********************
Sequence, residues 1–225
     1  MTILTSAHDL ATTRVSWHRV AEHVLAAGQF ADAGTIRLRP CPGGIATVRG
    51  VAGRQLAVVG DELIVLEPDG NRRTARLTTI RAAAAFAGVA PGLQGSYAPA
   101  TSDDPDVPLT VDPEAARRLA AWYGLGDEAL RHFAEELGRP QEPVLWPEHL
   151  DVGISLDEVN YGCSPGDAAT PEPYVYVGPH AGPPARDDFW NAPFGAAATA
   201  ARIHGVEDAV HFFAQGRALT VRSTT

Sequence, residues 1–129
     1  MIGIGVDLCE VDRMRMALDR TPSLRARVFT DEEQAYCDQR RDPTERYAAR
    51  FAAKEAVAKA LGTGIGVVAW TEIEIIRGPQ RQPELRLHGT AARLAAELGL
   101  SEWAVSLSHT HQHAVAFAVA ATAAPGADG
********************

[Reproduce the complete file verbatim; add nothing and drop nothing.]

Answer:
Sequence, residues 1–225
     1  MTILTSAHDL ATTRVSWHRV AEHVLAAGQF ADAGTIRLRP CPGGIATVRG
    51  VAGRQLAVVG DELIVLEPDG NRRTARLTTI RAAAAFAGVA PGLQGSYAPA
   101  TSDDPDVPLT VDPEAARRLA AWYGLGDEAL RHFAEELGRP QEPVLWPEHL
   151  DVGISLDEVN YGCSPGDAAT PEPYVYVGPH AGPPARDDFW NAPFGAAATA
   201  ARIHGVEDAV HFFAQGRALT VRSTT

Sequence, residues 1–129
     1  MIGIGVDLCE VDRMRMALDR TPSLRARVFT DEEQAYCDQR RDPTERYAAR
    51  FAAKEAVAKA LGTGIGVVAW TEIEIIRGPQ RQPELRLHGT AARLAAELGL
   101  SEWAVSLSHT HQHAVAFAVA ATAAPGADG